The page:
Structure and function of the cardiovascular system self-study Flashcards Preview

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What are the normal values for the variables listed?


What is heart failure? What kinds of diseases may cause heart failure and what effects do they have on CO (which part of CO specifically)? Why is heart failure often called congestive heart failure?

Heart failure is a reduced capacity of the heart to pump blood. It may a manifestation of may different cardiac diseases including MI, coronary atherosclerosis, cardiomyopathies, valvular heart disease, HTN, and congenital heart diseases. These conditions can affect the determinant of stroke volume e.g. heart failure can result from decreased contractility and/or increased afterload. A common result is fluid retention which leads to an increased cenral venous pressure. This helps to compensate for the impared function of the heart by increasing ventricular filling (which increases stroke volume). However, high venous pressure leads to edema formation and congestion, hence the common term congestive heart failure. 


What are the 2 types of cardiomyopathy?

dilated cardiomyopathy (what case study pt has)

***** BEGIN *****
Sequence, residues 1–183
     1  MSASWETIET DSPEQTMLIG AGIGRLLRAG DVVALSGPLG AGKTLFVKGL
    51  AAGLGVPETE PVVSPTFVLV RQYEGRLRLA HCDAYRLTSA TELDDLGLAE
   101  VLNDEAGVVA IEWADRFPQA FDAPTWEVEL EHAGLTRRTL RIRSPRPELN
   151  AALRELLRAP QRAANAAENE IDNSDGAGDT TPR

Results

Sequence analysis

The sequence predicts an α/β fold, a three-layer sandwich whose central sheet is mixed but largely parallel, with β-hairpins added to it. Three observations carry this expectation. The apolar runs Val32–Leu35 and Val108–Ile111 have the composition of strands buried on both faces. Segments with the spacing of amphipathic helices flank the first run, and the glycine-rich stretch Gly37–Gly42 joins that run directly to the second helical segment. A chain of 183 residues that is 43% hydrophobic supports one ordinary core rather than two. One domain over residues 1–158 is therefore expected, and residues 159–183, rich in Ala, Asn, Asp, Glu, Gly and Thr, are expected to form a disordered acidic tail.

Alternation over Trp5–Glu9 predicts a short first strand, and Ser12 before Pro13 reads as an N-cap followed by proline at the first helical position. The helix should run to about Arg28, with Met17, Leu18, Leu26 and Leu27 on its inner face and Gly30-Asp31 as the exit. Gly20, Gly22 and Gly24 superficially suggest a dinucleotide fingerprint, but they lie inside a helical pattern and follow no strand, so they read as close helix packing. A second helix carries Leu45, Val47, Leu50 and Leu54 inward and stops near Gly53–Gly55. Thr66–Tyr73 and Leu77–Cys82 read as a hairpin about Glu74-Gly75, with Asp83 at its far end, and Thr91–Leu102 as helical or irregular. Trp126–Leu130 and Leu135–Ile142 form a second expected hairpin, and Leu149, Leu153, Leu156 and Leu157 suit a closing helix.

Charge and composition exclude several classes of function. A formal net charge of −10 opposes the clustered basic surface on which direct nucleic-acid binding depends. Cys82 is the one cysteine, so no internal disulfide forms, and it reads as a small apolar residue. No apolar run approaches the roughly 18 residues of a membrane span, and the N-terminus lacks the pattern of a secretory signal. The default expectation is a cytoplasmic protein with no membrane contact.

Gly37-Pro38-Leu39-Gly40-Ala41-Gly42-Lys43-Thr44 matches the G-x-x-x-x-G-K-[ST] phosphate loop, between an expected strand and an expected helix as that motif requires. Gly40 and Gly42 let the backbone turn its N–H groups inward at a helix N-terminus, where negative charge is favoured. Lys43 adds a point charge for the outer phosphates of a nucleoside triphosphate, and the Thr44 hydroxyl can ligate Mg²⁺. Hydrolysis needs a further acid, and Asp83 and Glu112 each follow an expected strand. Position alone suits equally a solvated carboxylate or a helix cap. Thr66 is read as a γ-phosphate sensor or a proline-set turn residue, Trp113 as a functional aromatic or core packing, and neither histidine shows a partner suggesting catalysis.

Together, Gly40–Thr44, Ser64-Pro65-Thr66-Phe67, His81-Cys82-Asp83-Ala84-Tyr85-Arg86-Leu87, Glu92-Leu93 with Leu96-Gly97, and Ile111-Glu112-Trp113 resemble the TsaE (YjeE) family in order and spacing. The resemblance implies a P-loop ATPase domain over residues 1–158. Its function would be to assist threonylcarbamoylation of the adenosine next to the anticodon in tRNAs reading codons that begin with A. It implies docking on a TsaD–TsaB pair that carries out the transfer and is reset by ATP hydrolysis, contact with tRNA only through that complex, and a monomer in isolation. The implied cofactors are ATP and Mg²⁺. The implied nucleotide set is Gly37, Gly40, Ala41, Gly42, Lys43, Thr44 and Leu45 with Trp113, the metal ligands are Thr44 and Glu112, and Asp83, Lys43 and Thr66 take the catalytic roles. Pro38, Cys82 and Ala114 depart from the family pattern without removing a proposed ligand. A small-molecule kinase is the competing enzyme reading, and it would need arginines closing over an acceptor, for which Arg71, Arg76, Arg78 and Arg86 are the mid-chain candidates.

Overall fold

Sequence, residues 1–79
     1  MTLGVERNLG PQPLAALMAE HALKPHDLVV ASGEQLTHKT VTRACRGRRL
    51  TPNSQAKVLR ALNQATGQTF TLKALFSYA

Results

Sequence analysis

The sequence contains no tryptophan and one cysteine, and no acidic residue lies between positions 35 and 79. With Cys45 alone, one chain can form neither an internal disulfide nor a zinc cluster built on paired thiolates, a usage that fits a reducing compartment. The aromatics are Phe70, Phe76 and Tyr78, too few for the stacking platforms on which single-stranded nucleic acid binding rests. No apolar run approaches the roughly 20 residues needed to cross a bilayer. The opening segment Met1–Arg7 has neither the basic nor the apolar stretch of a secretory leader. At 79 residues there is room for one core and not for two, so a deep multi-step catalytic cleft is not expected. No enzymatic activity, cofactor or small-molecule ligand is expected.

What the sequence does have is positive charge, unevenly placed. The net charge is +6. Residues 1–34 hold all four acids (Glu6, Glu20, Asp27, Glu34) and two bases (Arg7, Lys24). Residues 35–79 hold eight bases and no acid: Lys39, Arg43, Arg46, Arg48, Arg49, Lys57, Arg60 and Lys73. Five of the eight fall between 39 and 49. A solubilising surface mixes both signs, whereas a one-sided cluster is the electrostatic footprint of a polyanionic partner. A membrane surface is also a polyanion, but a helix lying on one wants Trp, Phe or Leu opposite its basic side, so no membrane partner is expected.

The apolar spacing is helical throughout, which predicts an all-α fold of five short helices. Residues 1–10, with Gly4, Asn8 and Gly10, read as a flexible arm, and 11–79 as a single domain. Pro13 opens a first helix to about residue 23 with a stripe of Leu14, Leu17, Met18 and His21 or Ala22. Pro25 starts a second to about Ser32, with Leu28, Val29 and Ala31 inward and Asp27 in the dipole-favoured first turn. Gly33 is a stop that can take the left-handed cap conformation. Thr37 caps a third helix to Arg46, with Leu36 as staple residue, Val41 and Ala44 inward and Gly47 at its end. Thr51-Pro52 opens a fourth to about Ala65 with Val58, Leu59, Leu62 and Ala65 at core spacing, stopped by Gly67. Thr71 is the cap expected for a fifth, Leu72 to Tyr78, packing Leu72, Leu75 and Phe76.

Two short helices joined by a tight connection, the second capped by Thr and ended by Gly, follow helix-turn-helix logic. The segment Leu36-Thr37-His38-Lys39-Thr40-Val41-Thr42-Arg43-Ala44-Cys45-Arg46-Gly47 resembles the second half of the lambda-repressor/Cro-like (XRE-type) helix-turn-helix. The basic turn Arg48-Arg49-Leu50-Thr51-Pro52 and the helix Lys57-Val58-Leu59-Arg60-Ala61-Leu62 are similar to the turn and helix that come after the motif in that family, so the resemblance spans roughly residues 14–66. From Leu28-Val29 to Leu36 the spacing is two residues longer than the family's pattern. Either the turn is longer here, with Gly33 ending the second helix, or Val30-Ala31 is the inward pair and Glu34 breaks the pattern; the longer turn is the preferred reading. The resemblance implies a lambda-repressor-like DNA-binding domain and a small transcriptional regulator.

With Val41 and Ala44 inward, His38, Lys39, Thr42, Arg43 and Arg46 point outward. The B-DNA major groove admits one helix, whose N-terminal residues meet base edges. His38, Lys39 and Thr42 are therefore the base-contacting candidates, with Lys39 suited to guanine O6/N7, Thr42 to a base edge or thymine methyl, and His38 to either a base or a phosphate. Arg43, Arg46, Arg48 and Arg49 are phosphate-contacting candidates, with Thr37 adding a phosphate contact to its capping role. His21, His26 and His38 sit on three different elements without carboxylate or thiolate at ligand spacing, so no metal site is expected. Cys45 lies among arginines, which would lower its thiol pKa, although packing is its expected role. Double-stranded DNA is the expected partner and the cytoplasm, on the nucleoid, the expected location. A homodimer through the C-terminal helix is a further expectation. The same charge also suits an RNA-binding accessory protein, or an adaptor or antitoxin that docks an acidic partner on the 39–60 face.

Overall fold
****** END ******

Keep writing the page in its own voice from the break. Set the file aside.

hypertrophic cardiomyopathy


How is hypertrophic cardiomyopathy characterized? What are some of its symptoms/associated diseases? What mutations lead to this disease (when it is inherited) and what do the mutations result in at the cellular level?

Hypertrophic cardiomyopathy causes cardiac muscle cells to grow larger and results in thickening of the walls of the heart. The affected heart does not relax well during the filling phase of the cardiac cycle. It can either be inherited or acquired. Macroscopically, HCM is characterized by increased left ventricular mass (particularly interventricular septum) and is histologically characterized by myofibrillar and myocyte disarray. The myocytes often have bizarre shapes and are arranged in chaotic patterns. These disorganized cells in the ventricle may impair transmission of the AP and predisopose the heart to arrythmias. Additionally, pts may have dyspnea, palpitations, chest pain, syncope, heart failure, or sudden deat, although pts are frequently asymptomatic. Hereditary hypertrophic cardiomyopathies arise from genetic mutations of the sarcomeric contractile proteins, including myosin, tropomyosin, and troponin. These mutations cause muscles to shorten much more slowly than usual with greatly reduced power output so muscle cells enlarge to compensate.